Investigators continue to search for answers in the prison fire that killed 358 inmates, as reports suggest that more than half of the inmates at the Comayagua prison had never been convicted, or even charged, with a crime. The farm-style camp in central Honduras held 856 prisoners despite being built to accommodate just 500, crammed into giant barracks with four-level bunk beds. Many were suspected gang members who had been swept up in a "law and order" push in what has become one of the world's most violent countries. The AP reports that according to Honduras' strict anti-gang laws, simply having the wrong tattoo is enough to get someone arrested and jailed.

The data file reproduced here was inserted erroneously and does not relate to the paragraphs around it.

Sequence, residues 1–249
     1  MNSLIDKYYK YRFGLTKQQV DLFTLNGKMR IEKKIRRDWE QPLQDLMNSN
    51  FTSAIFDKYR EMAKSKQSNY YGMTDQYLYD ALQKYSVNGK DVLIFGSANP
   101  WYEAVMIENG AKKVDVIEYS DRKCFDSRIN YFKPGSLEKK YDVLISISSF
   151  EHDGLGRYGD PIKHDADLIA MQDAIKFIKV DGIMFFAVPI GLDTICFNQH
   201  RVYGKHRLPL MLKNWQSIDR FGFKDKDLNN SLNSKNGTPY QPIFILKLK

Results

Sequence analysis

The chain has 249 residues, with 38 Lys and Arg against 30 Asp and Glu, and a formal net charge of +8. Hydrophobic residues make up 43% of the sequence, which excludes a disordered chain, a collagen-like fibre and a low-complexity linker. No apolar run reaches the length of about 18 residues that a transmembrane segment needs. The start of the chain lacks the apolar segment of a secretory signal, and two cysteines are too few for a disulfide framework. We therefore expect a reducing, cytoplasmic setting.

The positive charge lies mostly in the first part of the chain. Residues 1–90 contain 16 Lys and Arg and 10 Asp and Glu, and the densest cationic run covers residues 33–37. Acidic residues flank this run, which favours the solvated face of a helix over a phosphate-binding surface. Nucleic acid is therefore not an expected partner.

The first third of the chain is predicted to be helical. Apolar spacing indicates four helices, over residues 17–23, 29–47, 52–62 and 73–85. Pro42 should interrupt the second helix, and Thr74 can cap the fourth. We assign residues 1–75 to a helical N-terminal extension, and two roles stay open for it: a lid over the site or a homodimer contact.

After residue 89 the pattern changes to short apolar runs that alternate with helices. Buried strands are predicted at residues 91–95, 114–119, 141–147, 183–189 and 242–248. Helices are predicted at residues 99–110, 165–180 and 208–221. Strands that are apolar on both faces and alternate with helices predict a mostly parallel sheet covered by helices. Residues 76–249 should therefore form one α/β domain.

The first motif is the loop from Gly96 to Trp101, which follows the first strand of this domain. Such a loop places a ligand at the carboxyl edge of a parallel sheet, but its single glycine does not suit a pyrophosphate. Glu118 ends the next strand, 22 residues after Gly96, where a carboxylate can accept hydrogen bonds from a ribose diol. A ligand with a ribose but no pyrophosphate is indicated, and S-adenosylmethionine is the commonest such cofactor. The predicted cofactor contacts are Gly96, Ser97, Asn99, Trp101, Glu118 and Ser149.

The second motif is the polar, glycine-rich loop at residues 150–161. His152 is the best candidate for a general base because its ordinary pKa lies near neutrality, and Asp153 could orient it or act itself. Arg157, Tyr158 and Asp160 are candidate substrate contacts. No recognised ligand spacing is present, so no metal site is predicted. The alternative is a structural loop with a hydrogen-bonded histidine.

The cause of the fire is still being investigated, but there are reports that an inmate managed to call the state governor, screaming that he would burn the prison down, shortly before setting his mattress on fire. After the fire initially started, guards refused to allow fire fighting crews in to the prison for nearly 30 minutes, because they believed that a riot was in progress. At the time the fire happened there were only 12 guards on duty who either didn't have for couldn't find keys to let prisoners out of their cells and rooms. A U.S. military outpost that includes search and rescue and fire teams sits just 15 minutes away, but was never called.